I didn’t want it to die on me in the middle of nowhere as I returned to Newport after dark, so after I took care of some boat issues that needed to be addressed, I engaged in what I thought would be a simple replacement of a fuel filter on my truck. And this is one of those cases where a little knowledge can get you in a lot of trouble.

I’ll spare you the details of my mechanical blundering, but about the time it got perfectly dark I had managed to render my truck immobilized. There wasn’t anything I could do until the auto-parts store opened the next morning at 7:30, and even then it was going to take some luck to get it going.

I felt fortunate to have comfortable accommodations, but I was not where I intended to be, and I was hungry. I had eaten all of the olives I thought I could eat without getting sick, but I wanted something else, and I couldn’t find anything. It was 10pm and the nearest convenience store was 1.3 miles away (I had googled it), and I didn’t want to walk that far, so I decided I would just make some really sweet tea for supper. And it was when I opened the cabinet for about the fourth time to get a tea bag and some sugar that I discovered that there actually was a can of Hormel’s chili without beans hidden amongst the spices.
I don’t know how old that can was. I didn’t check it. And I can tell you that under normal circumstances I would never eat a bowl of canned Hormel’s chili without beans, but I was so happy to find that can of chili, and I wasn’t hungry when I went to bed.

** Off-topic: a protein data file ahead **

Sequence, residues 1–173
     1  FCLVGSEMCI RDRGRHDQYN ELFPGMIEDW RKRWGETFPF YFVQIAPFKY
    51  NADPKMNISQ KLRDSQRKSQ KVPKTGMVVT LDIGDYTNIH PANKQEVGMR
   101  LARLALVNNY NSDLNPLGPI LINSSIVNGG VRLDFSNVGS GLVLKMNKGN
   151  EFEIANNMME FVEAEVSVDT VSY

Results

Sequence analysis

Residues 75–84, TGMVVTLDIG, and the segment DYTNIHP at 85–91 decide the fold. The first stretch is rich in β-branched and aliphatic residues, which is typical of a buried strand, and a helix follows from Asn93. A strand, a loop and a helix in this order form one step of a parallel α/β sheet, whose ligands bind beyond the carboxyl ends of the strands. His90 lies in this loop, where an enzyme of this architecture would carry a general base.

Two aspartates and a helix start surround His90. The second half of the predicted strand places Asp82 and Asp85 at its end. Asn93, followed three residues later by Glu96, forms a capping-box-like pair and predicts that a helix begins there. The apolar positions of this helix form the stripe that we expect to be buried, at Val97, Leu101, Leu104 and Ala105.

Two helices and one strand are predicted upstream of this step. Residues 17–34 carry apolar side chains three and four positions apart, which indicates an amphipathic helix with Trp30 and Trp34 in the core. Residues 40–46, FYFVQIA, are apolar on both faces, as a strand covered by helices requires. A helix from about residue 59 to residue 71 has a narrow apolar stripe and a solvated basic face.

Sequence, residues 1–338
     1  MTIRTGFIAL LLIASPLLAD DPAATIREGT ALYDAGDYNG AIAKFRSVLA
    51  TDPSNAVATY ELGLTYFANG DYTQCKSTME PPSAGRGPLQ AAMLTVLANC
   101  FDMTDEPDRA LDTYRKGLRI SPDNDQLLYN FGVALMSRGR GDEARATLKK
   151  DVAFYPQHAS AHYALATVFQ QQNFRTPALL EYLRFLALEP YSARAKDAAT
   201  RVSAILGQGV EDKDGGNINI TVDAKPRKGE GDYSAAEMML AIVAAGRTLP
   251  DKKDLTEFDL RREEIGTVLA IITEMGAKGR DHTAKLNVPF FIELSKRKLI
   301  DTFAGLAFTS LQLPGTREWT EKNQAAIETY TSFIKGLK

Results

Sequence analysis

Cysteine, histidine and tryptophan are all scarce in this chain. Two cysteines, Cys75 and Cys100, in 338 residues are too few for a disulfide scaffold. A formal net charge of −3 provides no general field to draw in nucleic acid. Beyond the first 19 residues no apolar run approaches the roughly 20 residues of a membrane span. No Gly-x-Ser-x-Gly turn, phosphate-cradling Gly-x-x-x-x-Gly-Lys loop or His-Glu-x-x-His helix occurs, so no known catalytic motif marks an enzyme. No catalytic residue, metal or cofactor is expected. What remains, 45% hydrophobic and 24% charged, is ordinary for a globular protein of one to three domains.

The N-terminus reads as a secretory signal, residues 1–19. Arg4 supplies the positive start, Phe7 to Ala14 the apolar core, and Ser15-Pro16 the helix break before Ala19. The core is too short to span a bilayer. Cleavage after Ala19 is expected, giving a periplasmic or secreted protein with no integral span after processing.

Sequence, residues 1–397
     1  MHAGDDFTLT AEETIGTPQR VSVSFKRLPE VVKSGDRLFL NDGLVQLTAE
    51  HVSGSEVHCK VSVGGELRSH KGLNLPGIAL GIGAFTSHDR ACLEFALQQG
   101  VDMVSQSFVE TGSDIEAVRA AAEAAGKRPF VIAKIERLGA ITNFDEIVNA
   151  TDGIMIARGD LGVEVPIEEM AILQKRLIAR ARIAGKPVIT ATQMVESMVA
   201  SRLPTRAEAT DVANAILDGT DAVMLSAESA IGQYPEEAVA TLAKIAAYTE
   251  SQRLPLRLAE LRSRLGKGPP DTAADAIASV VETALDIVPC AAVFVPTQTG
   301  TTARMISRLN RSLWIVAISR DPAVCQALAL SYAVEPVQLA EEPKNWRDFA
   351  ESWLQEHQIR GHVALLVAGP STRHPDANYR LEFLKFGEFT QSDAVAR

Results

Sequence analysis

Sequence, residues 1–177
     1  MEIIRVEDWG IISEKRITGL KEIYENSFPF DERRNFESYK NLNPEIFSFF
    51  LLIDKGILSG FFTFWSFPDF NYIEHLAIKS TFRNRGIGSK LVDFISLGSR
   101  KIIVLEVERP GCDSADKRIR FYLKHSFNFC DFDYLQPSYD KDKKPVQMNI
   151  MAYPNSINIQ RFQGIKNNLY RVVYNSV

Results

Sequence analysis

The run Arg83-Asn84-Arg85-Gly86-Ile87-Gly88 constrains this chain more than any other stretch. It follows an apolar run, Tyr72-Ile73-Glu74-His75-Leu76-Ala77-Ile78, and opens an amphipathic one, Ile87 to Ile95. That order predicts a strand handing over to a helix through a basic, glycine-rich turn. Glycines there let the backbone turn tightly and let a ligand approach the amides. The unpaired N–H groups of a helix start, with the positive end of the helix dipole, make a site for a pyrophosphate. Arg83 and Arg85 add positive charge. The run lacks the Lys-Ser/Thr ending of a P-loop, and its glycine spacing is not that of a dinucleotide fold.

It was a terrible feeling to be hungry and to not have access to food. That just doesn’t happen to me very often. I wasn’t in a real crisis. I know people I could have called if I was in a terrible bind. Sharla offered to drive up from Little Rock and bring me some food, but I didn’t want her to do that. Our elderly neighbor up there would have fed me, but she goes to bed at dark. I could have called Rev. Tommy Toombs, the United Methodist minister in Heber, and asked him to bring me some food, but I never would have heard the end of that. I just didn’t have any good options.

That experience sensitized me to this issue of being in a place without food, and the joy of being surprised by the appearance of sustenance. Whenever I’ve thought about this story of Jesus feeding five thousand people in that miraculous manner, I’m always inclined to think of the largeness of the event. It strikes me as being sort of like a music festival atmosphere – where you have a bunch of people showing up in one spot without adequate provisions. I think the story is designed to impress us hearers with the amazing capacity of Jesus to provide for so many people, but today I’m conscious of what it would have felt like to have been an individual in the midst of that crowd.

I’m not thinking about what it would have felt like to have been on hand for such an amazing spectacle – today I’m thinking about what it feels like to be hungry, and to receive food.

The story is impressive, and it’s intended to be impressive, but I’m not as impressed by the number of people who were fed in a miraculous fashion as I am mindful of how powerful it is for us as individuals to experience saving grace. And when I say saving grace I mean everything from the grand experience of feeling miraculously reconciled with God in an ultimate way – to receiving something to eat when we are hungry. Saving grace takes form in many different ways. But it’s always a powerful thing to go from feeling remarkably vulnerable and in need – to having our needs met in a remarkable way.

And this is what Jesus was able to do. As the story goes, Jesus was able to do this on a grand scale, but the number of people Jesus was able to feed is pretty meaningless if you haven’t somehow found yourself nourished by Jesus in an opportune moment. It doesn’t matter how many thousands or even millions of people Jesus was reportedly able to feed with a few loaves and fish if you haven’t felt touched by him on a personal level.